Jaguars' Chris Conley Comments on NFL's Reported Decision to Play Black National Anthem

John Shipley

Editor's note: we have added more historical context of 'Lift Every Voice and Sing' and it's history. 

The NFL may be playing 'Lift Every Voice and Sing' before Week 1's games in 2020, a move Jacksonville Jaguars wide receiver Chris Conley commented on in a series of tweets on Friday. 

The league plans on playing the song, commonly known as the Black national anthem, prior to kickoff of its Week 1 games, The Undefeated's Jason Reid first reported on Thursday.

In response to the reported move, Conley took to Twitter to weigh in himself. Earlier this offseason, Conley helped lead a team-wide demonstration throughout Jacksonville with many of his teammates, coaches, and other team employees.

"The league taking the opportunity to play “Lift every voice and sing” (the black national anthem) is sweet. It’s a great way to honor those who started this movement year and years ago," Conley tweeted Friday.

"For those who aren’t familiar with it, this song seeks to remind us of our past as a country and to strive to be better. It speaks to all of us not just black people even tho it became a rallying cry for blacks in the Jim Crow era. It is a beautiful message birthed from pain," Conley continued. 

"To those claiming the song is decisive I ask which part? Much like America the Beautiful is played to honor, this song is the same. It’s isn’t for “just black people” it’s for all who acknowledge the past and press toward a better future."

The song has an extensive history since it's first inception as a poem in 1899. According to the NAACP, its lyrics were penned by writer and NAACP leader James Weldon Johnson (a Jacksonville native). It was eventually adopted for music by his brother, John Rosamond Johnson. Years later, it was adopted by the NAACP as the organization's official song. 

The song was first performed in Jacksonville, at a school in which James Weldon Johnson was the principal, according to the NAACP. As part of a celebration of Abraham Lincoln’s birthday on February 12, 1900, 'Lift Every Voice and Sing' was publicly performed by 500 school children at the Stanton School.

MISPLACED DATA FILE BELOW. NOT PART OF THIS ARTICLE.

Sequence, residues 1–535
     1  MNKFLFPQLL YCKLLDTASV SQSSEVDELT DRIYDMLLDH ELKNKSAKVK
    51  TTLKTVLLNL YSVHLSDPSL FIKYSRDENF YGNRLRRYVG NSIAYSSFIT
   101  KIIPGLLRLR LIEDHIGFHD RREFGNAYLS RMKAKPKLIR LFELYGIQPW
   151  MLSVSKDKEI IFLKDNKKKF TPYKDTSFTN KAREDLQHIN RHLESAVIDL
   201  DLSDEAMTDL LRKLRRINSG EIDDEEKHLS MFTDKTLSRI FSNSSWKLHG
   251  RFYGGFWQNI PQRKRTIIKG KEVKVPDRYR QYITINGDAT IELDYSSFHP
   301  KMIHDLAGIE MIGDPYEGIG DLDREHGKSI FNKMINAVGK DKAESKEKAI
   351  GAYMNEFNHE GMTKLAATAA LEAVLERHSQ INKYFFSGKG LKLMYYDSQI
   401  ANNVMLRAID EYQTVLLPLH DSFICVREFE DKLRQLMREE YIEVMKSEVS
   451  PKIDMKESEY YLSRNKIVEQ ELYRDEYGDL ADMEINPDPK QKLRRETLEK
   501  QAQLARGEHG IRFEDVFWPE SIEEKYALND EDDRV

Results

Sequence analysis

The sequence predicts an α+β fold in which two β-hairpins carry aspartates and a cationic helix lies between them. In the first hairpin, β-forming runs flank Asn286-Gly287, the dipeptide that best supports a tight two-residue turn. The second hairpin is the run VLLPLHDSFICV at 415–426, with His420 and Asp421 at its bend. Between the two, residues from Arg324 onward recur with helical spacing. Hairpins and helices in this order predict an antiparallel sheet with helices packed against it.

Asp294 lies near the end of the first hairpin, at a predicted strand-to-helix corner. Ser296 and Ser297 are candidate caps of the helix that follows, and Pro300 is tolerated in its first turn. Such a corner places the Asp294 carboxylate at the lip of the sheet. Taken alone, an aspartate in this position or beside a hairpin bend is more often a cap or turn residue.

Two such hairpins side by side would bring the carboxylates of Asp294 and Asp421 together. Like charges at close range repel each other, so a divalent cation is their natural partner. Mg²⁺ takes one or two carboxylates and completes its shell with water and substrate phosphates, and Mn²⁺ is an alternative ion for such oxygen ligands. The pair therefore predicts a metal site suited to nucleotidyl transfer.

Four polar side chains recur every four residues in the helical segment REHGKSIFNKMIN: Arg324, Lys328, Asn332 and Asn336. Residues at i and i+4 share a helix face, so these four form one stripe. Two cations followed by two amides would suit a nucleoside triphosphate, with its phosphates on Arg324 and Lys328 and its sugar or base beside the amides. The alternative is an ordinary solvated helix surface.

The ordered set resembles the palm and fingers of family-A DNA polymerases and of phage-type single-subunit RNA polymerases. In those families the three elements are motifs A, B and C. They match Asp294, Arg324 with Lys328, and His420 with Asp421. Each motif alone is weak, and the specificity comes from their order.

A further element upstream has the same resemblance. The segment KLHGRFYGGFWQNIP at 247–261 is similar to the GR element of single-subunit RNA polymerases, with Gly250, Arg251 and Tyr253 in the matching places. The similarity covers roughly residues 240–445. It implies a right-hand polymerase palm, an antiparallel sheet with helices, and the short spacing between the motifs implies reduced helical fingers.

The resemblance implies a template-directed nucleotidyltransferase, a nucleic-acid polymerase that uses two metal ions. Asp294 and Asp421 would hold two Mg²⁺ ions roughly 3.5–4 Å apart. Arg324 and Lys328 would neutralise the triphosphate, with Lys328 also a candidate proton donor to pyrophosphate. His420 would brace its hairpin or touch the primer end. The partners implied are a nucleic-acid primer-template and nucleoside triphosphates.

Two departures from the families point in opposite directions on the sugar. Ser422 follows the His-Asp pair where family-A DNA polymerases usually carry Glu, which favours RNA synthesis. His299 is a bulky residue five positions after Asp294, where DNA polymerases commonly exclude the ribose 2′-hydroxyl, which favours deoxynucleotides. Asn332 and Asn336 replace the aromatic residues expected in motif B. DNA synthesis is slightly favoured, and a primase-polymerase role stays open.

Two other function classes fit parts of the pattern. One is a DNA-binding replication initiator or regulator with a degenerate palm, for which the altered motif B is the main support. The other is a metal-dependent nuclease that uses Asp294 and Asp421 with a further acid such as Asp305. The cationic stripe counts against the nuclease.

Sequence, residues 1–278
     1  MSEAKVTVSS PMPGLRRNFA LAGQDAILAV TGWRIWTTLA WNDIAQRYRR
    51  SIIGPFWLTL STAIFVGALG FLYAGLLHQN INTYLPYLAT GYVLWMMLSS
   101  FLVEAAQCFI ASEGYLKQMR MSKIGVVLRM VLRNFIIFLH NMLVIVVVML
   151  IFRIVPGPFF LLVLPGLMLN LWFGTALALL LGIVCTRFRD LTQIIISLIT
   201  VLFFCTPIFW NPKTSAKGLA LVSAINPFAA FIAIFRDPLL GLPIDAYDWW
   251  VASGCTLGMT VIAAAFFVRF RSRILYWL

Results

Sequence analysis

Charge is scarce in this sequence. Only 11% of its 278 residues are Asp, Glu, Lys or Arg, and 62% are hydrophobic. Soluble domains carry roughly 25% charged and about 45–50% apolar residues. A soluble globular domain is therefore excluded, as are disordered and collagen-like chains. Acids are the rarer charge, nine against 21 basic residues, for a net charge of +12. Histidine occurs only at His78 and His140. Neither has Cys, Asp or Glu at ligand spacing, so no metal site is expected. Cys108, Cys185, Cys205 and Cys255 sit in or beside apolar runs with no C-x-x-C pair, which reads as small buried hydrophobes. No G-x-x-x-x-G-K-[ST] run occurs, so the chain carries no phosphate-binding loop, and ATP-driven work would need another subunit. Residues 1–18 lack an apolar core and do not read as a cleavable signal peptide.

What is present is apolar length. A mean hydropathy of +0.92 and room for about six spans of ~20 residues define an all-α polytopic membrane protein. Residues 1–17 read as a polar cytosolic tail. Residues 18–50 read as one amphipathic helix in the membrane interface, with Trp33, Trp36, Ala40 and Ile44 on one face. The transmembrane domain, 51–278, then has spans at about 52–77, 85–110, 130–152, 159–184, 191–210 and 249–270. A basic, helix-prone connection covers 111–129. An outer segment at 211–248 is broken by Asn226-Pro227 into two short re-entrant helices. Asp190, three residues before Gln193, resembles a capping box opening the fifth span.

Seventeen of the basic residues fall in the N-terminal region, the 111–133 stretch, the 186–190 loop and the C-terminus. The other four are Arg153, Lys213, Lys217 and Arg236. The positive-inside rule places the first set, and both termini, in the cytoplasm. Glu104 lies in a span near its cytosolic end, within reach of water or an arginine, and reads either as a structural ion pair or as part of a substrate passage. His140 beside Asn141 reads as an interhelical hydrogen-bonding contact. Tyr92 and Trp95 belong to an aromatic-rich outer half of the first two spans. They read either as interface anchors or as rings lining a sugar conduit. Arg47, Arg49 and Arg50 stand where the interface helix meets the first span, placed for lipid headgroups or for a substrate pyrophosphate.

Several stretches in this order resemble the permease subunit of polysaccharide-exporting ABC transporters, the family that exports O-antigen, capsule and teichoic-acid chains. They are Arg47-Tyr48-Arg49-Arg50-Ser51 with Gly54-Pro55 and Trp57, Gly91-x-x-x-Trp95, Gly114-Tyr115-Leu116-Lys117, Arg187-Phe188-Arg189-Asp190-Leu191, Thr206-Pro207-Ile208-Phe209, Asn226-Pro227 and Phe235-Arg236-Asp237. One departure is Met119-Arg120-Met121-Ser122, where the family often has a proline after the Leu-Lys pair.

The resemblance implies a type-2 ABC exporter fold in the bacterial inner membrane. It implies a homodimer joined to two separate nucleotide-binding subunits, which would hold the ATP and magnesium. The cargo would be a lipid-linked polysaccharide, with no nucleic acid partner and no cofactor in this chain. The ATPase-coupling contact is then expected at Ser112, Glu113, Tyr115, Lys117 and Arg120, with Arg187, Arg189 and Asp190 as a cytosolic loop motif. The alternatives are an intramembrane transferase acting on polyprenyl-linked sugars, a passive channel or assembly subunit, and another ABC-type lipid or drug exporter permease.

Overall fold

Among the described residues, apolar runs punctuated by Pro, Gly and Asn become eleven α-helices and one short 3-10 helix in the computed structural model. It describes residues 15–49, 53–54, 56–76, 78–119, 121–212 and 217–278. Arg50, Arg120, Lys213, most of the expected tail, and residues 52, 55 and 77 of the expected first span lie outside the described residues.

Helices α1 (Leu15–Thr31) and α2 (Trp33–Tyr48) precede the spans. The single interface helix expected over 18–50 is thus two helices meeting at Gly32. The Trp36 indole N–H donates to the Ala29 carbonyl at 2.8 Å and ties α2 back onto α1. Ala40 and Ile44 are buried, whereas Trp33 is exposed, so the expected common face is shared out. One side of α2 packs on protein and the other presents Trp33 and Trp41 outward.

The move to play 'Lift Every Voice and Sing' comes on the heels of other recent actions by the league to increase its commitment to social justice and equality. 

Last month, NFL commissioner Roger Goodell gave one of the league's strongest statements yet in reference to social justice, which came as a response to a video released by players calling on the league to issue a revised statement on the issue of systemic racism and police brutality following a ill-received first statement.

"We, the NFL, condemn racism and the systematic oppression of Black People," Goodell said in the video. "We, the NFL, admit we were wrong for not listening to NFL players earlier and encourage all to speak out and peacefully protest. We, the NFL, believe Black Lives Matter."

The Jaguars have been near the forefront of a league-wide push to raise awareness for social justice and advocacy for equal rights following rampant examples of police brutality and systemic racism throughout the country. Running back Leonard Fournette hosted his own peaceful demonstration throughout the city, in addition to Conley and other players helping lead the Jaguars in a peaceful walk throughout the city.

“I think that the community can learn that the Jaguars can get behind each other. You know the past couple of days have showed that, even in our locker rooms, though they have been touted as places that there is no racism, that there is complete unity, but that’s just not true," Conley said after the Jaguars' demonstration as a team. 

"Being able to admit that we can grow is a hallmark of change and I think that needs to happen in locker rooms, as well. I don’t know the effect that this will have on the community, but I know that it will have an effect on the locker room. I know I can look at guys who were here today, I can look at them in the eyes and say, ‘Thank you. Thank you for listening. Thank you for wanting to know more,’ and I think that in it of itself makes an impact in our locker room and in this building.”

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